How Xi Jinping might change the Communist Party’s constitution

When it comes to the top job, don’t expect any surprises at the Communist Party congress in October. There is little doubt that Xi Jinping will secure a third five-year term as party chief. But there will at least be some drama surrounding the party’s constitution. Observers will be watching to see how Mr Xi changes it. Even seemingly arcane revisions may signal that he sees himself on a par with communist China’s founder, Mao Zedong.

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One area under scrutiny is Mr Xi’s philosophy, officially known as “Xi Jinping Thought on Socialism with Chinese Characteristics for a New Era”. Wide-ranging and vague, it is hard to define. Nevertheless, at the previous congress, in 2017, it was inserted into the constitution. That placed Mr Xi in a league above his immediate predecessors, Hu Jintao and Jiang Zemin. Their philosophies were also enshrined in the charter—but without their names attached. Deng Xiaoping’s name was inserted only after he had died, and his thinking is merely called a “theory”.

Mr Xi was the first living leader since Mao to be named as a guide to good Communist behaviour. Now there is speculation over the clunky name of Mr Xi’s philosophy. Party media have already begun using snappier forms. Some observers believe it will also be shortened in the constitution, to “Xi Jinping Thought”. Not only is that easier to say, but it evokes the founder’s philosophy, “Mao Zedong Thought”.

A second possible change would be more significant. Mr Xi has been called the helmsman of the country and the people’s leader—titles associated with Mao. But he has yet to re-establish the position of party chairman, a title that became almost an extension of Mao’s name. This tweak may sound blandly bureaucratic. But the title of chairman harks back to a style of overbearing leadership which was rejected by the party after the chaos and paranoia of Chairman Mao’s rule. In 1982, six years after Mao’s death, the position was abolished to signal that the party had adopted a more collective style of decision-making. To resurrect it would be a symbolic rejection of this post-Mao consensus, and a revealing marker of Mr Xi’s clout.

Mr Xi is China’s most powerful leader in decades, with a clutch of formal titles, including general secretary, at present the highest position in the party. He is also president (a largely ceremonial role) and head of the armed forces. Titles, anyway, are an imprecise measure of authority in China. In the early 1990s, as an old man, Deng Xiaoping wielded supreme power, though his only formal title was honorary head of the Chinese Contract Bridge Association. Mr Hu, by contrast, held the same positions as Mr Xi, but had less authority.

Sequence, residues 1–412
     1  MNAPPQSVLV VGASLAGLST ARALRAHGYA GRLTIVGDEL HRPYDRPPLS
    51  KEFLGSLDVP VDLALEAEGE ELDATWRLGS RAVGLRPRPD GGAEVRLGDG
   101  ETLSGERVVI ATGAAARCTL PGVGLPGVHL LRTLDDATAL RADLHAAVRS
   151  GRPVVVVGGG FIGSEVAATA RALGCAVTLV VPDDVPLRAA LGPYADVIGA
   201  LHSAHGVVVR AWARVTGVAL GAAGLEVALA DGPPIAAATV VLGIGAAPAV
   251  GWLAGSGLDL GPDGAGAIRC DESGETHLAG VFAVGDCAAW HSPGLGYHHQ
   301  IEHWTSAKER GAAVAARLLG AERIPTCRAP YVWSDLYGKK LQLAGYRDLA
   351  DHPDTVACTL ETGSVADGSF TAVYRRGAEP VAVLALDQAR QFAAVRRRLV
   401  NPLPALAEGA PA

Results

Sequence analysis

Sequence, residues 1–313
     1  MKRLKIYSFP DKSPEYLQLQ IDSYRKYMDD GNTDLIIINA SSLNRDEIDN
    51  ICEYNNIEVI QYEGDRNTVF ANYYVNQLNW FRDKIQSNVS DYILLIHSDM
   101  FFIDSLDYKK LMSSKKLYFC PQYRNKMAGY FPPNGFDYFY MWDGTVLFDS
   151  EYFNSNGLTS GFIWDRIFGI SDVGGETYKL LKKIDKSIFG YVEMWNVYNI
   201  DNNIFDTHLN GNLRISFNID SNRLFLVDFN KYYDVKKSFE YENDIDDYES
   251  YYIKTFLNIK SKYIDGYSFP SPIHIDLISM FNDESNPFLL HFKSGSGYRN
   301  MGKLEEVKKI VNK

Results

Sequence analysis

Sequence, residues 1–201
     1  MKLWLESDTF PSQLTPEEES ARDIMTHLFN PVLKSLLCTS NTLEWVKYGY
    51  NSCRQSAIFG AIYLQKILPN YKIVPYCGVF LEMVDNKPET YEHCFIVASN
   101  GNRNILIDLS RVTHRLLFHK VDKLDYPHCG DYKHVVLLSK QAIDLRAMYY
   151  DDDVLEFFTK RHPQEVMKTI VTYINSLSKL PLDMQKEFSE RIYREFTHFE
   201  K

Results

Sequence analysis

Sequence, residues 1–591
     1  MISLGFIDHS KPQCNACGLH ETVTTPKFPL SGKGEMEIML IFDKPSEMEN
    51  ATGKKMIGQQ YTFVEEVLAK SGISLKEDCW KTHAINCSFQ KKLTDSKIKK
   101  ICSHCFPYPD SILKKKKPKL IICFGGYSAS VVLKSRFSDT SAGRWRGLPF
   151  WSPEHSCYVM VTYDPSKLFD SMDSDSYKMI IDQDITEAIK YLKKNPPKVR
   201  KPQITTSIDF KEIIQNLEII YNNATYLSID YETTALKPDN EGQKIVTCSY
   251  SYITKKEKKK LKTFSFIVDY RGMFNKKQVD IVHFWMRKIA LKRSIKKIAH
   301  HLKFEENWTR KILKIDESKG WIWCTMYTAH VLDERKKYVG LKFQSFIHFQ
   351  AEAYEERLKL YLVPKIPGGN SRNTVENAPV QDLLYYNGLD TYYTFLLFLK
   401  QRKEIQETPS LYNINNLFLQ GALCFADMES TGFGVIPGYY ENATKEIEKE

There could be a practical advantage to resurrecting the chairmanship role, says Ling Li of the University of Vienna. Mr Xi will be violating recent retirement norms if he stays on as general secretary at the congress. He has thus avoided anointing a successor. But by becoming chairman, Mr Xi would make it clear that he plans to remain in power indefinitely, argues Ms Li. That, in turn, might make him feel secure enough to name an heir, perhaps as vice-chairman or general secretary. Mao did much the same, cycling through four heirs-apparent before his death. A successor could be revealed “at a pace and in a manner that Xi finds most comfortable”, wrote Ms Li last year.

In 2016, as Mr Xi was accumulating power, an anonymous letter appeared for a brief time on a state-run website. “Hello, Comrade Xi Jinping. We are loyal Communist Party members,” it began, before cutting into the president for, among other things, ditching the party’s system of collective leadership and allowing himself to become the subject of a personality cult. Six years later those charges seem even more accurate, but it is hard to imagine any criticism emanating from the congress. Rather, the event is likely to kick off a new round of adulation for Mr Xi, with echoes of the Mao era.

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The Economist

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